For Jews, Saturday is the Sabbath. When we greet one another on Saturday, we say these words: “Shabbat shalom, Sabbath peace.”
But this past Saturday, as Jews gathered in worship at the Tree of Life synagogue in Pittsburgh, Pennsylvania, there was no Shabbat shalom. Throughout the United States, and indeed the world, we were horrified with the news of what had happened during the most sacred time in Judaism.
Each of us come to our respective sanctuaries to pray, to commune with the Holy One, to be at peace, to share life’s meaning with friends, family and our faith community. By definition, a sanctuary is a refuge, a haven, a shelter, a place of safety. But on this past Sabbath, the sanctuary of Tree of Life synagogue was not a haven and not a sukkat shalom, a shelter of peace. We’ve been told that this was the most hideous and worse attack on Jews in America since its founding. How can this be? We have well documented evidence that anti-Semitism in America has been rising year after year.
But we also know that when one group is attacked, all groups are attacked. When one group suffers, all groups suffer. In recent years we have seen attacks on Muslims, attacks on the undocumented and refugees, attacks on transgender and non-binary and gays and lesbians, attacks on women, attacks on indigenous people and all people of color. And then they came for Jews. I am a Jew. They came for me. They came for us.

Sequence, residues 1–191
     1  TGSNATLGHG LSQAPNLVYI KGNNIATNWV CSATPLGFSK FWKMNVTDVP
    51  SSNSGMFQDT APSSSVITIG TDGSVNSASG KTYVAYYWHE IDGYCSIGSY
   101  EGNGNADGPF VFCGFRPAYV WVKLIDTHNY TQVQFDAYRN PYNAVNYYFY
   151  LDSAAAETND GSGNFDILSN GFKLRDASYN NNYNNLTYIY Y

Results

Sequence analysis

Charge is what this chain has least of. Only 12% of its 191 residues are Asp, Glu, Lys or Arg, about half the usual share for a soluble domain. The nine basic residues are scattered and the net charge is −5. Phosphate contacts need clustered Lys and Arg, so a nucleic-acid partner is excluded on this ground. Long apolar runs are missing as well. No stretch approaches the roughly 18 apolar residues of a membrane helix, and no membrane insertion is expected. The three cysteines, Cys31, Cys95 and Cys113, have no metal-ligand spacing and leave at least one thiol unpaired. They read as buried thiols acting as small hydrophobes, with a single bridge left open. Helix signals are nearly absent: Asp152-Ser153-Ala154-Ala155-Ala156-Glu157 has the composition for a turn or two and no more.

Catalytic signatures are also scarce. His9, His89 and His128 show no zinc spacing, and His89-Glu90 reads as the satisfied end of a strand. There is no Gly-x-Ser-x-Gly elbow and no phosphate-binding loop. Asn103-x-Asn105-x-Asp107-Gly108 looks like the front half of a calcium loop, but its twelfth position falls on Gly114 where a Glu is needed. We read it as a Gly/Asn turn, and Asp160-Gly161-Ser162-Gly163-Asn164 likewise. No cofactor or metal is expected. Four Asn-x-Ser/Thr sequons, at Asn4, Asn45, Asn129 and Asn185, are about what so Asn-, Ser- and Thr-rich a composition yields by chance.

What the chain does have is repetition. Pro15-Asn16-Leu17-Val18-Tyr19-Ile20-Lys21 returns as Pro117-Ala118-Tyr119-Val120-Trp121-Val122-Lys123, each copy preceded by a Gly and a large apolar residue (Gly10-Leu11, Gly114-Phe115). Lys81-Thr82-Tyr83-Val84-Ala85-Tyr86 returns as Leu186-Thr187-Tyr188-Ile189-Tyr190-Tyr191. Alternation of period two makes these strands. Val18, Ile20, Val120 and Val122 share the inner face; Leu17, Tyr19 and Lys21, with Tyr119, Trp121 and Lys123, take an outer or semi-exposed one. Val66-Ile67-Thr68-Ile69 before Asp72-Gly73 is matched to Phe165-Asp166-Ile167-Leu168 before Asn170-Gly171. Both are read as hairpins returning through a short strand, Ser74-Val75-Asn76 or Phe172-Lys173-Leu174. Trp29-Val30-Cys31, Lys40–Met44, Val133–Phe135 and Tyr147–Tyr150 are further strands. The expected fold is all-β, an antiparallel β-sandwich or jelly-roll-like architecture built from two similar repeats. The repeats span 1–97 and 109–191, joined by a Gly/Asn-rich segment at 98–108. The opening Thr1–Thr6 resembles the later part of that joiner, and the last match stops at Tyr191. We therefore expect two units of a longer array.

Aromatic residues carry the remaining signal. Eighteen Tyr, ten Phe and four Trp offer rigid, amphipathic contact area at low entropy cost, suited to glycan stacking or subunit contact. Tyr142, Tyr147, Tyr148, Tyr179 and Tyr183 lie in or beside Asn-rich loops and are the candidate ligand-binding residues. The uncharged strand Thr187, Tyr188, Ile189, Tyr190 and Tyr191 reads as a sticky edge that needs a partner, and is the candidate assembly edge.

You and me, dear friends of different faiths and races and sexual and gender identities, over the years we have stood together through each of these attacks and we said in one voice, “We will overcome them!”
This is not the first attack in a place of worship. In fact, on Friday an attempt was made to enter a black church in Kentucky; when that failed the killer went after two African-Americans in a nearby convenience store and murdered them instead. And last week we read of repeated bomb threats to our nation’s Democratic leaders. A week of violence. Violence begetting violence.
Holocaust survivor and Nobel Peace Prize winner Elie Weisel, referring to the biblical story of the destruction of Sodom as a consequence of the inhabitants’ evilness, wrote:
One day a righteous person came to Sodom; he knew what Sodom was, so he came to save it from sin, from destruction. He preached to the people. “Please do not be murderers, do not be thieves. Do not be silent and do not be indifferent.” He went on preaching day after day, maybe even picketing. But no one listened. He was not discouraged. He went on preaching for years. Finally someone asked him, “Rabbi, why do you do that? Don’t you see it is no use?” He said, “I know it is of no use, but I must. And I will tell you why: In the beginning I thought I had to protest and to shout in order to change them. I have given up this hope. Now I know I must picket and scream and shout so that they should not change me.” (Words from a Witness, pg 48)
Speaking as the spiritual leader of the Jewish community of South County, I ask you not to comfort us, not to pray for us, not to offer flowers and sympathy. I want you to be as angry as I am. And I want you to use your anger to change the culture of bigotry, anti-Semitism, racism, Islamophobia, and all the other “antis” in which we are drowning. Picket and scream and shout against the hatred that is consuming our beloved country. It is not too late to change them. But in the process let’s make sure they never change us.
Debbie Israel is rabbi at Congregation Emeth, located in Morgan Hill.